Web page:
Depends on the client and scope of the project. HTML prototypes are ideal because they are closest to the real thing. Mockups communicating how to site will look at different widths may be sufficient though.
Of course, it depends. That's down to the individual designer and client to figure out. But it's safe to say prototypes are very useful in the RWD era. And we should be talking about delivering design systems (modules, libraries, directions for assembly.) But I also still deliver a few comps, as representative instances of that system. Better for the client to interpolate between those than for me to waste their budget comping up every permutation. Keyframes, not wireframes.
More accurate to say agencies haven't yet found the way to present the value proposition and sales pitch around RWD. Ultimately its sustainability and audience potential give great business benefits. If an agency wants to practice RWD, it needs to figure out how to explain that value, and secure budgets that allow them to do it properly.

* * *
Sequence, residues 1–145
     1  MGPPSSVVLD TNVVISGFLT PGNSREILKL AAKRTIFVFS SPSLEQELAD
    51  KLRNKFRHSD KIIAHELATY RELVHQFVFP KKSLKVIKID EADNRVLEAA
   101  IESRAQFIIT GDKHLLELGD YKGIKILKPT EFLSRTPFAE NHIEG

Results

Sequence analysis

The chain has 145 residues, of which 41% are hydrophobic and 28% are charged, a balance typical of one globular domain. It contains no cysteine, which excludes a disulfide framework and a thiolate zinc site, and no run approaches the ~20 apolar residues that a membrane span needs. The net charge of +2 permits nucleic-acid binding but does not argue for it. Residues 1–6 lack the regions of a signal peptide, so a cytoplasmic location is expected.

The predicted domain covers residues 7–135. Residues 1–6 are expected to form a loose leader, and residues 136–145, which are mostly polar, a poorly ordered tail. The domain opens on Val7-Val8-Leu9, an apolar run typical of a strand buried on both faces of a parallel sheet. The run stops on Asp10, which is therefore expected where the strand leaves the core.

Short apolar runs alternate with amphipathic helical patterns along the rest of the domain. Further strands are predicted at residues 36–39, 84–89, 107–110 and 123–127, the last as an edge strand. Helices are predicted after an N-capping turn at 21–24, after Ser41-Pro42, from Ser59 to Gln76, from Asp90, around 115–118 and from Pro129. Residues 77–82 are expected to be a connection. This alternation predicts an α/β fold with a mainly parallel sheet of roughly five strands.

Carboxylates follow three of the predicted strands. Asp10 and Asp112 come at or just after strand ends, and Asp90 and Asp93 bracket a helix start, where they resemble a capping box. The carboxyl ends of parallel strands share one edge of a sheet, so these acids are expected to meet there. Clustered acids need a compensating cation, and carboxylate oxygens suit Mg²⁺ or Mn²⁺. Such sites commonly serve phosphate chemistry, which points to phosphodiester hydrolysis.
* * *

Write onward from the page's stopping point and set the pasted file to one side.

RWD definitely takes longer when you're approaching it with the traditional workflow, but agencies that are taking a more agile, iterative approach are finding that it doesn't take much longer than a static site. We just need to get the workflow right.
Seriously, I don't think anyone has been presenting RWD as one-size-fits-all. If they are, they don't really get it. It's a sensible option to address some of the flaws of fixed sites, but it definitely leaves many problems unsolved.
This is one of those discussions that always ends in Agile. And rightly so. The mindset it represents is the natural destination for any RWD workflow, although Agile proponents are often far too concerned with the process minutiae.